Developing | Pictorial Planet Blog

The Best Negatives are Suprisingly Easy


Snowy Chairs

If you want a guaranteed method of making great negatives just reach for Barry Thornton’s two bath metol developer. The man was a master of simple formulations providing this and his pyrocatechin 2-bath for our pleasure. This metol 2-bath is like an updated Stoekler, sharper, and with great contrast. His pyrocatechin 2-bath is maybe the sharpest pictoral developer I’ve ever used - bar none. Just look at the photograph above. The detail in the snow is beautiful, something many developers cannot easily attain and this developer did it automatically.

Bath A Metol 6.5g Sodium sulphite 80g Water to 1 liter
Bath B Sodium metaborate 12g Water to 1 liter (To make the metaborate use 8.4g borax and 1.8g sodium hydroxide)

Develop FP4+ for 4.5 mins in A agitating for the first 30 seconds then 5 seconds each 30 seconds. Pour back and pour in bath B and agitate for the first 5 seconds, then 10 seconds every minute for 4.5 minutes.

Stop and fix.
Gorgeous negatives every time!

  • HP5+ needs 5 minutes A and the same for B
  • PAN F+ needs ~4 minutes.
  • Unknown film? Give it 4.5 mins A and B.
  • Don’t rinse between A and B.
  • Don’t pre-wet
  • Don’t throw away the developer but pour back A into its bottle for reuse, same for B.
  • Develops 15 films

Beutler's High Acutance Divided Developer

One of my favourite developers is D-23. It’s soft working nature is perfect for my more contrasty photographs, as well as the occasional portrait. Used replenished, its properties are enhanced and this is my preference. But sometimes I need more compensation that D-23 gives and more sharpness. For that I turn to a two bath like Thornton’s metol 2-bath (based on D-23, Stoekler and Ansco 17) or, for ultimate sharpness, a developer like Thornton's pyrocatechin or Beutler's divided developers.

Beutler's, the topic of this post, is another metol based developer, like D-23, but uses a quite different strategy to develop the film. It’s a high acutance surface developer, similar to Crawley’s FX-1, using very low levels of Metol and the high alkalinity of sodium carbonate. This produces well compensated, very sharp negatives, especially when used in its divided mode. Willi Beutler formulated this developer in the 1930s for the then new 35mm films. It’s not particularly fine grained, compared to say 510-Pyro or D-23 and maybe a little larger than D-76 1+1 but, due to the high resolution, the apparent grain is minimised.

This is one of the only true divided developers. Let me explain. Divided development, that is true divided development, is where the developer has been split between two baths. The first bath contains the developing agent and some preservative and the second bath the accelerator that kicks the developing agent into action. Don’t confuse this with two-bath development! Two-bath is where you use a “normal” developer in bath A and a further accelerator in bath B - there’s the subtle difference. You see, in a two-bath the negatives are actually developing in bath A and, in fact, will develop to completion if left long enough. Bath B is being used for contrast control only, to bring down excessive highlights into a more printable range.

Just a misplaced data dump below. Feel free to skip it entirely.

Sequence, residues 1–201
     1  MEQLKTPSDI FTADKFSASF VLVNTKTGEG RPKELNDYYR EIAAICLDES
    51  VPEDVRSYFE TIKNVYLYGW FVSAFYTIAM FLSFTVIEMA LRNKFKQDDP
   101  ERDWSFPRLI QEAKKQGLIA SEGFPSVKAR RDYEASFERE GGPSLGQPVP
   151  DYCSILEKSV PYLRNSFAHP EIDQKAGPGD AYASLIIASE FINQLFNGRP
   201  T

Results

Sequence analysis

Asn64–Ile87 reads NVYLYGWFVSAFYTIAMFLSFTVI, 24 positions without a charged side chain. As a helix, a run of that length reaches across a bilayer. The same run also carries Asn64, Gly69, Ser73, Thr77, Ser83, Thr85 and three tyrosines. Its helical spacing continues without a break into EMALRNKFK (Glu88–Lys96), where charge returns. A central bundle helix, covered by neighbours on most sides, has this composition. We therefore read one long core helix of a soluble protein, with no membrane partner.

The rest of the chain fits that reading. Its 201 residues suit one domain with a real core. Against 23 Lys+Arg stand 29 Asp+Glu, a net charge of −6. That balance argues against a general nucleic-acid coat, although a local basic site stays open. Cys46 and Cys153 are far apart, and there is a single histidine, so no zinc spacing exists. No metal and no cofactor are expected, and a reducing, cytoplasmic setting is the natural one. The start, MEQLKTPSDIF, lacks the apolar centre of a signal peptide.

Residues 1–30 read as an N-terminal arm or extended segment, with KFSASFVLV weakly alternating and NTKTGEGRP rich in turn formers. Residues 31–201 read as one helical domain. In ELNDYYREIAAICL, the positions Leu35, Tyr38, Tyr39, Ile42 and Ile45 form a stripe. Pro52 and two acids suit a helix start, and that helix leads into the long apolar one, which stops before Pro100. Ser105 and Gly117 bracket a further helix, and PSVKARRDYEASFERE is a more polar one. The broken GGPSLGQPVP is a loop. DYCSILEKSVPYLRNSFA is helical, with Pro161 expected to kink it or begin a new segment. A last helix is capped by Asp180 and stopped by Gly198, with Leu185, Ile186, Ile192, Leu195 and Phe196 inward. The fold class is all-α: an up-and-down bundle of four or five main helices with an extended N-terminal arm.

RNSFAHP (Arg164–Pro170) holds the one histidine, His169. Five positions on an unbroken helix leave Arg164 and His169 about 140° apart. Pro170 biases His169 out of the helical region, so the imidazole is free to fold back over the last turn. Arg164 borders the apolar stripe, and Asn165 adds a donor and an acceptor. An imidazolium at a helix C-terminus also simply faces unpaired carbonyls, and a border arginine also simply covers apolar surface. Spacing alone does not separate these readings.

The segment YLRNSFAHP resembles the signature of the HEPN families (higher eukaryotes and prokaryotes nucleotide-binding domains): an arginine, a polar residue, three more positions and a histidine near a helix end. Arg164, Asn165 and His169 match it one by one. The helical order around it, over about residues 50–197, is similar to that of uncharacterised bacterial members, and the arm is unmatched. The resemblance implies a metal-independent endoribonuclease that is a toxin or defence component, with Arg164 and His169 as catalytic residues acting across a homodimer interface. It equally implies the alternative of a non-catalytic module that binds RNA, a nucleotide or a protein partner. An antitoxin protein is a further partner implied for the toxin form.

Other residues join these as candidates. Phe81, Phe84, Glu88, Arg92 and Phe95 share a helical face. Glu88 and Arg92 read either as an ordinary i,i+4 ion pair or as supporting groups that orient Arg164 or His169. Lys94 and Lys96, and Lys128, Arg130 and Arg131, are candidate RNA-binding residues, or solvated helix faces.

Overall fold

So, in divided development we have no development in Bath A (the alkalinity is too low). Bath A is only used to swell the gelatine emulsion and soak up the developing agent. When this is complete we pour out the first solution and pour in the accelerator. This starts the development reaction with the shadows slowly developing and the highlights quickly developing. The developing agent quickly runs out in the highlights but not in the shadows. What does this mean? Well, the shadows continue developing to completion but the highlights have stopped in a controlled manner.
Concentrate A Water 400ml Metol 5g Sodium Sulfite 25g Water to make 500ml
  • To make working solution A mix 1+2. For example 200ml of Concentrate A with 400ml water to make 600ml total. Discard after use.

Concentrate B
Water 400ml Sodium Carbonate (anhyd)* 25g Water to make 500ml
  • To make working solution B mix 1+10. For example 60ml Concentrate B with 600ml water. Discard after use.

To use Beutler 105 as a divided developer:

  • Pour in working solution A
  • Soak the film for 8 minutes with initial agitation of 30 seconds and then 10 seconds per minute
  • Empty the tank
  • Do not rinse the film
  • Do not stop the film
  • Pour in the working solution B
  • Agitate for 10 seconds and then each minute for 4 minutes
  • Empty the tank, stop with two fresh water baths of 30 seconds and fix the film as normal
  • All at 20C

Beutler divided development
gives full film speed and produces thinner than normal negatives (the top negatives in the picture below) which are very sharp and should print at grade 3. It’s one of my most compensating developers.


Beutler negatives (top) have a thinner look

Using Beutler 105 as a single developer 

You can also use this developer as a single bath. The formula remains the same and to make up your working solution mix it 1+1+8. For example 50ml A with 50ml B to 400ml water making a total working solution of 500ml. Agitation should be no more than 10 seconds each minute. Negatives will be thin but print at grade 2-3 nicely. If you find your negatives to be too contrasty (if you use a condenser enlarger for instance) then you can increase the dilution to 1+1+10.
Development times are around:
  • ISO 25-50 5-10 minutes
  • ISO 64-125 7-10 minutes
  • ISO 400 9-12 minutes
This is a compensating acutance developer with a nice tonal response and excellent sharpness. For ultimate pictorial qualities in a divided developer and equal sharpness look at Thornton's pyrocatechin divided developer in my book. When I first used that developer my mind was blown!